Australian researchers in peanut allergy breakthrough

Australian researchers in peanut allergy breakthrough

Australian researchers in peanut allergy breakthrough

Now, thanks to Australian researchers from the Murdoch Childrens Research Institute, there might actually be a way to cure children of their peanut allergies. According to the findings of a long-term study conducted on the treatment of peanut allergy, researchers have found out an immune-based therapy which helps children allergic to peanuts savour the nuts without any reaction.

Importantly, their desensitisation to peanuts persisted for up to four years after treatment.

With half receiving a placebo and half receiving the treatment, 56 children completed the study.

Peanuts, the most common triggers of a fatal allergic reaction called anaphylaxis in children among various others like seafood, cow's milk, eggs.

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The Lancet Child and Adolescent Health journal published that from about 4 years on 70 percent people are able to take peanuts without any allergic reaction before which over 80 percent of people gone through the treatment has shown immediate decrease in allergic reactions.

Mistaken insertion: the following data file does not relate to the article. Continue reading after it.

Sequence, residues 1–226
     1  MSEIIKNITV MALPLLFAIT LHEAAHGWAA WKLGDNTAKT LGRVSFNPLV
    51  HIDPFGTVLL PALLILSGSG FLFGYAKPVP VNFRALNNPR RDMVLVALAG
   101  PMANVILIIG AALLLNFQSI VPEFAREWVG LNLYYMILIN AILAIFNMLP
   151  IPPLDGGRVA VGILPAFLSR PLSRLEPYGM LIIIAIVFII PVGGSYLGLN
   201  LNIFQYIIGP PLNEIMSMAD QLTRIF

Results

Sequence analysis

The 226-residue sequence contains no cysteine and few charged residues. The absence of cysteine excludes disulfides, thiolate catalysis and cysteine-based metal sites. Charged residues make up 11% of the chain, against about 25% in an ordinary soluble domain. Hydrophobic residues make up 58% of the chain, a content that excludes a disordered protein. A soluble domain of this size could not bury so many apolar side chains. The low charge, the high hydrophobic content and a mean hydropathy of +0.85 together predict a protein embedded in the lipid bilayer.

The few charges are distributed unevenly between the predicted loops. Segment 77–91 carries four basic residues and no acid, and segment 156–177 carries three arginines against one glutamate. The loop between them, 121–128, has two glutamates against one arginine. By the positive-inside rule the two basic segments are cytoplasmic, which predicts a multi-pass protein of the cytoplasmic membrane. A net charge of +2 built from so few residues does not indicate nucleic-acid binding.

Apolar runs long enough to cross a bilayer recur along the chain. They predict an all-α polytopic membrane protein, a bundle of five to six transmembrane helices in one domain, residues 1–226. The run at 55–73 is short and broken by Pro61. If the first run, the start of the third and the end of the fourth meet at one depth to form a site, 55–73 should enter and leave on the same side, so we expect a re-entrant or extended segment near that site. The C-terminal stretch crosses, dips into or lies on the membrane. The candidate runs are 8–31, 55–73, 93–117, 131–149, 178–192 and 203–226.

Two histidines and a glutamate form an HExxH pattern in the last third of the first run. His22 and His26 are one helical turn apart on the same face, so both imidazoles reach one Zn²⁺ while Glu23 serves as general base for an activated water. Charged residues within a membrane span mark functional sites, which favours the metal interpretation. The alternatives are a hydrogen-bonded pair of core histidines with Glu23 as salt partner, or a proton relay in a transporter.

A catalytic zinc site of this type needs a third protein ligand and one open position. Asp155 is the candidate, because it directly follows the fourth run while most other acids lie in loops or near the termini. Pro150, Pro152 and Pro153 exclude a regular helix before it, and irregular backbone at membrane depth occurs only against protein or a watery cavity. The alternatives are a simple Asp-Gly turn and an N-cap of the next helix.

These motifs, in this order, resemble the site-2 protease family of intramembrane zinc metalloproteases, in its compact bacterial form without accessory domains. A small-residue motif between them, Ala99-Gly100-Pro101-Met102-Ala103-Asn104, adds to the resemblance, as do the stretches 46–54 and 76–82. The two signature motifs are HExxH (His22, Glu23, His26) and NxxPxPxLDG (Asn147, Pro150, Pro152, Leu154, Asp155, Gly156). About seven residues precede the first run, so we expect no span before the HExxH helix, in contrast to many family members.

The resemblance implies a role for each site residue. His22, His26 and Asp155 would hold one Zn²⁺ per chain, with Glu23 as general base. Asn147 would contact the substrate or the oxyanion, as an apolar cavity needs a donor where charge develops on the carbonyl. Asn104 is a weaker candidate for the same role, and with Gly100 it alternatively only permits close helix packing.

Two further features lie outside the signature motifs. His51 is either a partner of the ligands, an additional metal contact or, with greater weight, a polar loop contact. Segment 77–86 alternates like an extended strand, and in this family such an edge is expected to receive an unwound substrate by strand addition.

But after taking part in the trial, Oliva no longer suffers from her allergy. According to the Australian Associated Press, the treatment is meant to reprogram the way that immune systems respond to peanuts. Of the 12 probiotics-treated children from the original study who agreed to go through with it, seven remained completely reaction-free when they ate peanuts.

Moreover, Tang found that 16 of the 24 children who had been originally treated with probiotics and peanut proteins continued to eat peanuts in the four years since the first study, compared to only one out of 24 children from the placebo group.

It worked. For the first trial, in 2013, 82% of the 48 children who received the treatment were tolerant to peanuts by the end.

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"Every child must be evaluated on a case by case basis because no two allergic individuals are the same, and we are still studying the safest way to proceed", said Parikh.

If confirmed by larger clinical studies, the broader hope is that the treatment can impact more food allergies among children.

She added: "This is a major step forward in identifying an effective treatment to address the food allergy problem in Western societies". "However, this does provide a possible treatment alternative for these children that did not exist before, and that is exciting".

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